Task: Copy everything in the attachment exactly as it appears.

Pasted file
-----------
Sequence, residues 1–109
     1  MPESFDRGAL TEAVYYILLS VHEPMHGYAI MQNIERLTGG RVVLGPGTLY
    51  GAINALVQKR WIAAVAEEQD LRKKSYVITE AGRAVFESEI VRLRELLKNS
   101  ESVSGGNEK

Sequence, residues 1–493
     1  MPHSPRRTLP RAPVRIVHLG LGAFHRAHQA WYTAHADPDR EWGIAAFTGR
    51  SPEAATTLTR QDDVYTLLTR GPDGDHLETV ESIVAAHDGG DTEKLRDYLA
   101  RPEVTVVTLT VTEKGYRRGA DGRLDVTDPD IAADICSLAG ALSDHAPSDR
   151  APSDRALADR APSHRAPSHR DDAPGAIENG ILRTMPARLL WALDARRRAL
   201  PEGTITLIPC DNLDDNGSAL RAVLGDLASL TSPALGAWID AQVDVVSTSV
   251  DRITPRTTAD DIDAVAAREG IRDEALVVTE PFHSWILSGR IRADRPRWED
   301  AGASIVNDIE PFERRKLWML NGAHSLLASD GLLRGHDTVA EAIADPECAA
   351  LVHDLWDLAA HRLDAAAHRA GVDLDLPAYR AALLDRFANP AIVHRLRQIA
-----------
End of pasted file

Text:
Sequence, residues 1–109
     1  MPESFDRGAL TEAVYYILLS VHEPMHGYAI MQNIERLTGG RVVLGPGTLY
    51  GAINALVQKR WIAAVAEEQD LRKKSYVITE AGRAVFESEI VRLRELLKNS
   101  ESVSGGNEK

Sequence, residues 1–493
     1  MPHSPRRTLP RAPVRIVHLG LGAFHRAHQA WYTAHADPDR EWGIAAFTGR
    51  SPEAATTLTR QDDVYTLLTR GPDGDHLETV ESIVAAHDGG DTEKLRDYLA
   101  RPEVTVVTLT VTEKGYRRGA DGRLDVTDPD IAADICSLAG ALSDHAPSDR
   151  APSDRALADR APSHRAPSHR DDAPGAIENG ILRTMPARLL WALDARRRAL
   201  PEGTITLIPC DNLDDNGSAL RAVLGDLASL TSPALGAWID AQVDVVSTSV
   251  DRITPRTTAD DIDAVAAREG IRDEALVVTE PFHSWILSGR IRADRPRWED
   301  AGASIVNDIE PFERRKLWML NGAHSLLASD GLLRGHDTVA EAIADPECAA
   351  LVHDLWDLAA HRLDAAAHRA GVDLDLPAYR AALLDRFANP AIVHRLRQIA